Huw Merriman is MP for Bexhill and Battle.
Last week, the TaxPayers’ Alliance published a report on aid spending. While I disagree with a number of its conclusions, it contained some constructive ideas for reforming the aid budget. Coming from an organisation that has steadfastly opposed the UK’s aid commitment, this partial conversion is noteworthy and welcome – and shows that the argument for the UK maintaining its role in the world, and our commitment to the world’s poorest people, is beginning to cut through.
All Conservatives would support the report’s basic premise – that every pound of British taxpayers’ money that is spent on aid should be accounted for and serve a worthwhile purpose. Given that, for less than a penny in every pound, it is estimated that UK aid saves a life every two minutes, money wasted is a life wasted.
That’s why I am especially supportive of the TPA’s proposal that the Secretary of State for International Development should personally sign off on all development spending – as opposed to just the spending that comes from DFID. This is something I previously raised with Foreign Office Ministers back in 2017.
Some of the biggest ‘own goals’ in aid spending come from outside DFID spending. From speaking to my constituents in Bexhill and Battle, I am acutely aware of the damage that these episodes have on public confidence in the aid system. It is so vital that every penny we spend overseas is justified.
The expertise, transparency and rigorous external scrutiny of DFID means it takes very good care of our cash. The Transparency Index, which measures the effectiveness of aid spending across the globe, places DFID in the top three of the world’s aid departments and rates its performance as ‘very good’. The Foreign Office is virtually at the bottom of the league, with its performance rated as ‘poor’. That’s why I oppose measures to transfer more aid spending from DFID to the Foreign Office. As a Conservative, why would I want taxpayers’ money to be spent by a department which spends it poorly?
The TPA report also calls for unilateral changes to international aid rules, which I cannot support. As a Conservative, I am driven by doing what works. By seeking to alter the rules which the rest of the world abides by, the credibility we have achieved through our aid spending risks being lost. I am proud of the UK’s work overseas – it is an area in which we truly are a world leader. And to stay in that leadership position the TPA is right that we need to continue to re-assess, reform and improve. But we also need to celebrate the work that we are already doing and recognise the gains that we have made.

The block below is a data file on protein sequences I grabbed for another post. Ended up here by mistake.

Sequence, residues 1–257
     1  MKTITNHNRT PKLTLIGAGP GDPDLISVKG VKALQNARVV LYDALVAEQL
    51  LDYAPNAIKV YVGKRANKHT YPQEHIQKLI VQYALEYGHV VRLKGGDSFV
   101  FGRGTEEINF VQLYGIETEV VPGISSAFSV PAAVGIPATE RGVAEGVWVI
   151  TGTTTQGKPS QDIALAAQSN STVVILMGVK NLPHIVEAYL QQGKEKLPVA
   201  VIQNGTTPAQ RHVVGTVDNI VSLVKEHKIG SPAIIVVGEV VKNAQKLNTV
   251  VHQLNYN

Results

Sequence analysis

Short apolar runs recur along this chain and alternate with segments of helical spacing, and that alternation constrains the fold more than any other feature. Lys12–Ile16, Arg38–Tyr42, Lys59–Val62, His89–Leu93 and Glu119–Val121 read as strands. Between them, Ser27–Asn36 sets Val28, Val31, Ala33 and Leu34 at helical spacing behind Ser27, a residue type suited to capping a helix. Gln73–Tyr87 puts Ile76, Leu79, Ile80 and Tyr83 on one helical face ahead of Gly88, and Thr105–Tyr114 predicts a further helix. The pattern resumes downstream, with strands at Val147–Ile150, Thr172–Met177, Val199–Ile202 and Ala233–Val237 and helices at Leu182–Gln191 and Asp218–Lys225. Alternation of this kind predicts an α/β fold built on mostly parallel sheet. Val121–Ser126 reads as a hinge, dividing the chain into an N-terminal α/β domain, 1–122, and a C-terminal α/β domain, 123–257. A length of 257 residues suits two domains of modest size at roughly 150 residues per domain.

I have seen this first hand. In 2016, I travelled to Jordan with Save the Children with an open mind as to whether our aid was being spent well. I was incredibly impressed. Whilst I witnessed the unimaginable hardship facing Syrian refugees in Jordan, having lost their homes and livelihoods, I also saw UK aid jumping into action.
I also saw how smart our aid is, and that far from giving a ‘hand out’ as is so often claimed, UK Aid was clearly acting as a ‘hand up’. Whether it was innovative cash transfers in Za’atari refugee camp – helping refugees plan their own family budgets and buy what they needed – or training young people to access gainful employment and keep learning, UK Aid was making a real difference. I was surprised that everyone I spoke to there did not want to migrate to Europe, but wanted to return home and rebuild their country when it is safe to do so. It is UK Aid that is helping them to do just this.
At this critical moment, we cannot afford to step aside and pull back from the world order. Now is the time for us to be out there, leading from the front and showing the best of Britain. By spending our aid money so effectively, and by championing the international rules that ensure others do the same, we can make the world a better place and keep Britain safe.